Re: Central America

Sun, 02 Apr 1995 12:11:48 GMT

In article <>, Evan Hodgens ( writes:
>In article <>,
>Bonedaddy <> wrote:
>> On Fri, 24 Mar 1995, Jack Davis wrote:
>> >
>> > Alcoholism has been a huge problem for all Native American groups with
>> > which I am familiar. Is there a genetic link? Maybe the fact that
>> > Europeans have been consuming alcohol a lot longer than have Native
>> > Americans who seem to not have had alcohol until the European
>> > I suspect, therefore, that Euro-Americans have a bit more tolerance to
>> > low-alcohol drinks than do natives, although purified alcohol has only
>> > existed for what, 800 or 900 years, and now reeks havoc on us as well.
>There has been some researchers who have suggested that the amount of time
>alcohol has been used in a population does seem to have a correlation to the
>incidence of alcoholism. Use of alcohol appears to be longest in the
>Mediterranean region, and incidence of alcoholism among the
>populations there relatively low. As the use of alcohol spreads
into Northern Europe later, alcoholism seems to be more prevalent
the further from the Mediterranean you go.
>Native Americans don't seem to have known of it until contact with
>Europeans, and rates of alcoholism are high. The theory suggests
>that what we have going on here is a form of natural selection --
>the drunks die out and folks who aren't as prone to alcoholism
>replace those who are. True? I don't know how respectable this
>research is. I have come across the information that alcohol was
>known in Meso America - I have even heard that among the
>Aztec nobility getting drunk was a capital offense.

I think that the most potent natural selection may have been
climatic. Drinking in very hot climates can be fatal. Islam
prohibits alcohol. It seems reasonable that the desert tribes that
overan the Graeco-Roman Eastern world may have discovered tht wine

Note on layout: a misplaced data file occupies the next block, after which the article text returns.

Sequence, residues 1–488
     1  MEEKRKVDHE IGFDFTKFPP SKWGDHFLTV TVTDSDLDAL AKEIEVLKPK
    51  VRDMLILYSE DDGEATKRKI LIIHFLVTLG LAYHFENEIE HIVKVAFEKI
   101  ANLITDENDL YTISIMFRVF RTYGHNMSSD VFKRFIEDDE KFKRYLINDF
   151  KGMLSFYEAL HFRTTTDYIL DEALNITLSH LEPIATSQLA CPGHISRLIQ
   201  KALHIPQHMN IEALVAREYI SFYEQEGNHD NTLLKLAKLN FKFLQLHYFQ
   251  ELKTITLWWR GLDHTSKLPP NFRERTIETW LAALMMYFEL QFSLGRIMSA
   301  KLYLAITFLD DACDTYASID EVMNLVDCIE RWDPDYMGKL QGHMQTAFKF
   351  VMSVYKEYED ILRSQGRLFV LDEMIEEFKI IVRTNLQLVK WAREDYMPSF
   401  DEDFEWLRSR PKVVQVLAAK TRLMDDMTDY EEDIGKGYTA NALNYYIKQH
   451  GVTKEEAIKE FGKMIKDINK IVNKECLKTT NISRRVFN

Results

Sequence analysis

was a severe handicap to their progress. The religious injunction
might have had a very practical rationale. The United Nations Forces
in the Sinai buffer zone had an absolute prohibition on alcohol.
The Mediteranean cultures drank mainly wines and often watered
these. The colder the climate the stronger the spirit that can be
consumed. Next to climate cultural coping stragies for anxiety must
be examined. Manana, Avrio, Allakefiq, Normalement..are all cultural
postponements of "time-locked" pressures. The Northern, Protestant
response to such a leisurely response is furious impatience!

A world driven by accountants is rapidly detroying the cultural
defences against anxiety..but that is another debate.

For the American natives of the United States the worst possible
typeof liquor was combined with the lowest ebb of culture and I
suspect the worst diet available.

I think these considerations far outweigh any marginal differences
in enzyme capacities.

On a physiological note I would venture that what the heart and mind
can endure simply passes the reponsibility to the liver. WE nee to
look at cirrhosis in those cultures that think they are coping!

Robin Walker